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McLauchlan, Kevin wrote:
> I'm curious where you think we differ.
> When I compare the primary meanings from both dictionaries, it's the
> final phrase that brings out the nasty connotation.
That certainly is an understatement. It seals the deal on those
But here's something else. when I sat down last night with my aging
book-club edition of the Oxford English Dictionary (OED), I discovered
that I was the one blinkered by preconceptions. The definition from your
Concise Oxford is the same as OED, but OED traces it back to a deeper
well, through first appearances in written English in the mid 1800s,
then to French political philosophy before that, and ultimately to
Italian, where it originated. As it happened, opportunistic people were
the ones who had to set aside their own opinions and preferences in
order to fulfill their roles as political actors who made public policy
by balancing many interests. IOW, the principles that opportunists are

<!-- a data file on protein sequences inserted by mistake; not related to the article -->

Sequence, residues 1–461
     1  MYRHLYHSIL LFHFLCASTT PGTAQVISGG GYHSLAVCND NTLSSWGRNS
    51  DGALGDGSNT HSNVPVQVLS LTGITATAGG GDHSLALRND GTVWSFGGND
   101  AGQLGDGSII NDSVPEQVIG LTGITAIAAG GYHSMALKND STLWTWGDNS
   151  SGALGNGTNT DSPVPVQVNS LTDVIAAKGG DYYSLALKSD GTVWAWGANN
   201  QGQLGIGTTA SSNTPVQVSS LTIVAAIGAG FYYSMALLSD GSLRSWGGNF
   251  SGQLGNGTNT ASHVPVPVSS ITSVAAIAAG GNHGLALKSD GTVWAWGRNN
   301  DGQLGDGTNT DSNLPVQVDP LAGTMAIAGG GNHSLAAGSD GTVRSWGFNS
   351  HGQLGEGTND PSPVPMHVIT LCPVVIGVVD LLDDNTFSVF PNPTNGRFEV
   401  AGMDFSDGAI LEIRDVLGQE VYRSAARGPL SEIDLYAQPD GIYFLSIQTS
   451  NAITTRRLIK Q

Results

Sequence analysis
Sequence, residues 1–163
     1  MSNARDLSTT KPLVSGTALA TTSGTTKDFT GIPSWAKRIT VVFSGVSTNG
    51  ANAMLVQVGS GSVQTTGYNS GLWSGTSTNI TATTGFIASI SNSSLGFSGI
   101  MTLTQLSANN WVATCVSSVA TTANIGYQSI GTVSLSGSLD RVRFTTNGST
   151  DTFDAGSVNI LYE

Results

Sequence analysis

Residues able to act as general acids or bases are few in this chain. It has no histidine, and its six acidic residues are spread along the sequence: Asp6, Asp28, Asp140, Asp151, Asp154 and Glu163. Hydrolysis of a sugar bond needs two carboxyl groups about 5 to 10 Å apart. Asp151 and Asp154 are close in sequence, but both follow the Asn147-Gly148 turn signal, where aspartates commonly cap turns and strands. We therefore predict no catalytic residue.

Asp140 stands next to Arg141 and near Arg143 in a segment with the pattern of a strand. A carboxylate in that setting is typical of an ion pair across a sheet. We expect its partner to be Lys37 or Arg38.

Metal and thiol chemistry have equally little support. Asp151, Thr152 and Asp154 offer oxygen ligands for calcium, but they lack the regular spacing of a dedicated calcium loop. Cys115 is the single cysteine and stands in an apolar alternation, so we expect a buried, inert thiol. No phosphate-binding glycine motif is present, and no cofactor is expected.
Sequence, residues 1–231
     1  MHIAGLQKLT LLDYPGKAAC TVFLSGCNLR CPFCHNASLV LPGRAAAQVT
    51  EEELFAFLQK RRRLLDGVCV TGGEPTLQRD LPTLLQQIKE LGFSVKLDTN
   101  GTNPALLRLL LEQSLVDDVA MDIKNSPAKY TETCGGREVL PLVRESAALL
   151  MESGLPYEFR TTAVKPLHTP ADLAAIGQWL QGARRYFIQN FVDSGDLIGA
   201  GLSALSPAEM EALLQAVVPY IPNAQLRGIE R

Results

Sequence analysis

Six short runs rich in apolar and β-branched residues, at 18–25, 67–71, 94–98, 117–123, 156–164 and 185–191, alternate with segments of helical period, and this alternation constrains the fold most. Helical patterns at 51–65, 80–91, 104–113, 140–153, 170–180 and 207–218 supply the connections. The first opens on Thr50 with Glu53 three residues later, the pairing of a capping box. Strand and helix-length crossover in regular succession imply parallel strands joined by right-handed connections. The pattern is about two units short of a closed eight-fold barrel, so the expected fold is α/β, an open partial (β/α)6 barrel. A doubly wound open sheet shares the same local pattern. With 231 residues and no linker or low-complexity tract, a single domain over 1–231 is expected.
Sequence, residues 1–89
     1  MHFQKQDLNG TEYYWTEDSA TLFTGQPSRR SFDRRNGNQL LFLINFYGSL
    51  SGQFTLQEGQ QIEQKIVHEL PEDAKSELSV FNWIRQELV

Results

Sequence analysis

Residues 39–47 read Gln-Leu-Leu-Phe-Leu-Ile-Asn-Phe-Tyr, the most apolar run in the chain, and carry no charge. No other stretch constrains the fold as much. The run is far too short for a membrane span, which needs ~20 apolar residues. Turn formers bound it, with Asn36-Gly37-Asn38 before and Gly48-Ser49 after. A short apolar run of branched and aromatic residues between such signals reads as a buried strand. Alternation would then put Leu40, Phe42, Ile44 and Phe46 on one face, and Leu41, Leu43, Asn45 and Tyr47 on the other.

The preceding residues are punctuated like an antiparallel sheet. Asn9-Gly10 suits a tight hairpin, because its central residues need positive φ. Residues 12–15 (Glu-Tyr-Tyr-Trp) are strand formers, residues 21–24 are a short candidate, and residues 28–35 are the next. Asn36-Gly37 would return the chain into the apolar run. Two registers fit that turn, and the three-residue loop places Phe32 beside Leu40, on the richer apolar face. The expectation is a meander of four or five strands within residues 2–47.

said to disregard are /t/h/e/i/r/ /o/w/n/ /p/e/r/s/o/n/a/l/
/pr/r/i/n/c/i/p/l/e/s/. The opportunists of yore were more like
dedicated public servants than rapacious scalliwags. If, that is, the
OED is to be believed. Myself, I'm down with it.
> When I read "especially regardless of principle", that's just a Brit's
> phrasing of "with little regard to principle..."
I wonder if the much maligned/much admired Italian political philosopher
Machiavelli had anything to say about opportunistic behavior?
> In other words, the "regardless of principle" or "with little regard to
> principle" are inserted to highlight the fact that we are talking about
> behavior that is natural to flora and fauna, but which we humans think
> should be tempered (among ourselves) by application of ethical
> principles. . . and isn't, when the word "opportunistic" is correctly
I agree. If opportunism ever stood apart from the opportunites and
actors, it would be colorless, odorless, tasteless. But OMG, the
historical context is savory. It blows me away.
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